PET Scan to Determine Areas of Blood Flow and Activity in the Hearts of Patients With Heart Disease Taking Beta-Blockers

The safety and scientific validity of this study is the responsibility of the study sponsor and investigators. Listing a study does not mean it has been evaluated by the U.S. Federal Government. Read our disclaimer for details. Identifier: NCT00001402
Recruitment Status : Completed
First Posted : December 10, 2002
Last Update Posted : March 4, 2008
Information provided by:
National Institutes of Health Clinical Center (CC)

Brief Summary:

The human heart is divided into four chambers. One of the four chambers, the left ventricle, is the chamber mainly responsible for pumping blood out of the heart into the circulation. Diseases of the heart like congestive heart failure (CHF), can cause the left ventricle to function improperly.

Medications called beta-blockers appear to reverse the abnormalities in the left ventricle and frequently improve the function of the left ventricle in patients with different kinds of heart disease. How beta-blockers improve left ventricle function is unknown.

One possible reason for improved function of the left ventricle with beta-blockers is improved blood flow to the heart muscle. When a region of the heart is active, it uses more fuel in the form of oxygen and sugar (glucose). As heart activity increases, blood flow to and from the area of activity increases also. Knowing these facts, researchers can use radioactive sugar (glucose) and positron emission tomography (PET) scans to observe what areas of the heart are receiving more blood flow.

In this study researchers plan to measure glucose use in heart muscle and blood flow to the heart muscle in patients with CHF taking beta-blockers.

Condition or disease Intervention/treatment Phase
Heart Failure, Congestive Device: PET scan Phase 2

Detailed Description:
Deterioration in left ventricular function, which is characteristic in patients with congestive heart failure, appears to be a multifactorial process. Beta-blockers appear to reverse the deterioration and frequently improve left ventricular function in patients with both ischemic and non-ischemic cardiomyopathies. The mechanism by which beta-blockers improve ejection fraction is not known. Although it is well established that regional flow, function and metabolism may improve after coronary revascularization whether beta-blocker therapy will have similar salutary results in patients with congestive heart failure is unknown. The aim of this study is to: 1) quantitate regional glucose uptake and regional blood flow before and after chronic beta-blocker administration to patients with congestive heart failure using positron emission tomography, 2) determine if alteration in either regional glucose or lipid uptake or regional blood flow correlate with improvement in wall motion and global left ventricular function, and 3) determine if ischemic and nonischemic myocardium differ in blood flow or metabolism.

Study Type : Interventional  (Clinical Trial)
Enrollment : 130 participants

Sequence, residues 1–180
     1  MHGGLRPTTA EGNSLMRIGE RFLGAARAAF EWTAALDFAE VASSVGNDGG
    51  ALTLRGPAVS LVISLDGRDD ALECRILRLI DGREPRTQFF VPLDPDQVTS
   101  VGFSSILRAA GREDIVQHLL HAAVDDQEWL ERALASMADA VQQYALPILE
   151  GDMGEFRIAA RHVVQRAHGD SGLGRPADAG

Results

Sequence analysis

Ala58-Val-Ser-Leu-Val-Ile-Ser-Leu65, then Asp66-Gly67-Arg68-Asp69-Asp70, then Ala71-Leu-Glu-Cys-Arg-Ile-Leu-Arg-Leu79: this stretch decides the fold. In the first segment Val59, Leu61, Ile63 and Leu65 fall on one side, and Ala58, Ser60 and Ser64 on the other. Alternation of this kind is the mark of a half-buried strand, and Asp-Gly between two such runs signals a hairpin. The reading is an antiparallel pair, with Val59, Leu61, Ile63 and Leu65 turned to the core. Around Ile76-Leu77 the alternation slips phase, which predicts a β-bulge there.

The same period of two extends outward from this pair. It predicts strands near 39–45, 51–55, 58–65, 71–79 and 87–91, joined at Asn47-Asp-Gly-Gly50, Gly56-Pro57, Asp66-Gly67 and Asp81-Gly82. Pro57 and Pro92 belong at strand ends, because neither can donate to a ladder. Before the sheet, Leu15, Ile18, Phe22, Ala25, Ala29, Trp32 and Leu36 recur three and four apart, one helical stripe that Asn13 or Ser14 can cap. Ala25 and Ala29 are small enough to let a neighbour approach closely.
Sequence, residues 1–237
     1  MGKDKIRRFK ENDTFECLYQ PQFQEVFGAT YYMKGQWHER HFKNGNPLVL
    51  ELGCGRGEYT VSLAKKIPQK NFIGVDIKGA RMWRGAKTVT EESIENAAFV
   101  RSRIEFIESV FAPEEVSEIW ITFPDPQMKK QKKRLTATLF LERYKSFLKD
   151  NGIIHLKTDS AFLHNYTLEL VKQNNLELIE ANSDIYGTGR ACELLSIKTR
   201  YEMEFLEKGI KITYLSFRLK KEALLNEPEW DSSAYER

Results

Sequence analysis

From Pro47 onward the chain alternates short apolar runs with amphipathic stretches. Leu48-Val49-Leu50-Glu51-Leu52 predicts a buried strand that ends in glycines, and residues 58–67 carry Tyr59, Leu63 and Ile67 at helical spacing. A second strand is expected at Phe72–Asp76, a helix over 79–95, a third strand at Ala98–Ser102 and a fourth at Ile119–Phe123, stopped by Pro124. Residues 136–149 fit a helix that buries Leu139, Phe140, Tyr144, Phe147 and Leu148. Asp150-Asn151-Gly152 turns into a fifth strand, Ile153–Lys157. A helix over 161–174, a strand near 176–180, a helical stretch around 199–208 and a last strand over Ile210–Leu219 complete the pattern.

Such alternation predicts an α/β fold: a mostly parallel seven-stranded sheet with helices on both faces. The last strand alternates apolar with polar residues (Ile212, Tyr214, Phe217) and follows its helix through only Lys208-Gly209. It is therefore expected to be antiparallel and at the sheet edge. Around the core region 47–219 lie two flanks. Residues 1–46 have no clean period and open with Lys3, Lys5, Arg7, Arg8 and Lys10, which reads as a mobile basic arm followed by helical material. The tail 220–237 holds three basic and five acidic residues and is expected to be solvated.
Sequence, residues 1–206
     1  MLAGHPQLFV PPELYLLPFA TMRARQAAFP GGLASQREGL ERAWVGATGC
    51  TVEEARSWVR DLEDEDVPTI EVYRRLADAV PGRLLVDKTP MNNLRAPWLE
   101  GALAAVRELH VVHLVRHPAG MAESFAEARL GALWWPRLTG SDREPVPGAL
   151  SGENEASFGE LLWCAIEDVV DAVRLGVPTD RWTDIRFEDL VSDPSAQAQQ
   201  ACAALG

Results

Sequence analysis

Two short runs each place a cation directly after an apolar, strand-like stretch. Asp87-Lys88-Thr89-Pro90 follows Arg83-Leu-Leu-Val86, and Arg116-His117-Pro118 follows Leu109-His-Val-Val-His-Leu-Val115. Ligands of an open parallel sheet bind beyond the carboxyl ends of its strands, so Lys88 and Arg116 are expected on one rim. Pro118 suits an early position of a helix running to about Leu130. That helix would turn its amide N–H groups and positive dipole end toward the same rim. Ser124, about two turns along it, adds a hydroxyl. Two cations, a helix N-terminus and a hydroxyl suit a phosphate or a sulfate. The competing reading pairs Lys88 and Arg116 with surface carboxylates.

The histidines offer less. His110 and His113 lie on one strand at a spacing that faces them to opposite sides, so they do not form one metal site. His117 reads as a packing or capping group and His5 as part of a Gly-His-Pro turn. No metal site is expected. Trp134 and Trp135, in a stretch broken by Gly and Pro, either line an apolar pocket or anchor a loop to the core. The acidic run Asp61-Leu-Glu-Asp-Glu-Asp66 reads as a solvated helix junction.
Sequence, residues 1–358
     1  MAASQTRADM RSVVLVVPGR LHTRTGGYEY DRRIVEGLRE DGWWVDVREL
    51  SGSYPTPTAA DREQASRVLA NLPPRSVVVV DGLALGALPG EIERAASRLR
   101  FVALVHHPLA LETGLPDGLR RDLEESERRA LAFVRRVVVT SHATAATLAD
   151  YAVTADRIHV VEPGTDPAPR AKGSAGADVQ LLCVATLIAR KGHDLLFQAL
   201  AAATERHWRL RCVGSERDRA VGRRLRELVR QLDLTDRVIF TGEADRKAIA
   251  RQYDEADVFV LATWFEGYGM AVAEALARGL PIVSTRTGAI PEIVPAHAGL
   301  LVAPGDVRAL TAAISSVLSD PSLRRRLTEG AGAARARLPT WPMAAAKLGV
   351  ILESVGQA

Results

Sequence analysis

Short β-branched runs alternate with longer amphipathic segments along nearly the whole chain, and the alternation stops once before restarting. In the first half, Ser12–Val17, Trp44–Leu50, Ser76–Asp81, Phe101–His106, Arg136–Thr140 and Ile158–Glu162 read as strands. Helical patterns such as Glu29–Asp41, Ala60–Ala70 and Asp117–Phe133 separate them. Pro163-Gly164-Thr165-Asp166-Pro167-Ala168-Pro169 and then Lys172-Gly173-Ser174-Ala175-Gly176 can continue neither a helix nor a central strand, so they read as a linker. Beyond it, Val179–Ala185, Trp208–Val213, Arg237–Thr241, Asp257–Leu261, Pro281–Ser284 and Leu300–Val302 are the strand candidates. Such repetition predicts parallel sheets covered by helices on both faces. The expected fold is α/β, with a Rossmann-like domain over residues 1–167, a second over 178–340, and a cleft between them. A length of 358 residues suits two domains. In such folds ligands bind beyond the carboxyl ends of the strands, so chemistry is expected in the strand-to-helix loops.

Primary Purpose: Treatment
Official Title: Assessment of Metabolic Function and Perfusion Using Positron Emission Tomography: An Analysis of Patients With Congestive Cardiomyopathy Before and After Beta-Blockers
Study Start Date : January 1994
Study Completion Date : March 2001

Information from the National Library of Medicine

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Ages Eligible for Study:   Child, Adult, Older Adult
Sexes Eligible for Study:   All
Accepts Healthy Volunteers:   No

Left ventricular ejection fraction by radionuclide angiography of less than or equal to 40%.

New York Heart Association class II, III or IV symptoms on standard heart failure medications which my include digoxin, diuretics and angiotensin converting enzyme inhibitors for at least one month prior to enrollment.

Ischemic cardiomyopathy if enzymes document an MI or 70% or greater stenosis in one major vessel.

Dilated cardiomyopathy-if no coronary disease.

No pregnant or lactating women.

No women of child-bearing age not on proven birth control.

No severe hepatic or renal disease.

No diabetes mellitus or fasting glucose greater than or equal to 120 mg/dl.

No primary valvular heart disease.

No PTCA or CABG within 3 months of enrollment.

No history of myocardial infarction or unstable angina within past 2 months.

No resting heart rate less than 60 bpm.

No A-V block greater than 1 degree block without pacemaker.

No severe ETOH abuse within 6 months of enrollment.

No severe bronchospasm.

Information from the National Library of Medicine

To learn more about this study, you or your doctor may contact the study research staff using the contact information provided by the sponsor.

Please refer to this study by its identifier (NCT number): NCT00001402

United States, Maryland
National Heart, Lung and Blood Institute (NHLBI)
Bethesda, Maryland, United States, 20892
Sponsors and Collaborators
National Heart, Lung, and Blood Institute (NHLBI)

Publications: Identifier: NCT00001402     History of Changes
Other Study ID Numbers: 940054
First Posted: December 10, 2002    Key Record Dates
Last Update Posted: March 4, 2008
Last Verified: December 1999

Keywords provided by National Institutes of Health Clinical Center (CC):
Dilated Cardiomyopathy
Hibernating Myocardium
Ischemic Cardiomyopathy
Stress Thallium Scintigraphy
Congestive Cardiomyopathy
Congestive Heart Failure
Heart Failure

Additional relevant MeSH terms:
Heart Failure
Cardiomyopathy, Dilated
Heart Diseases
Cardiovascular Diseases
Adrenergic beta-Antagonists
Adrenergic Antagonists
Adrenergic Agents
Neurotransmitter Agents
Molecular Mechanisms of Pharmacological Action
Physiological Effects of Drugs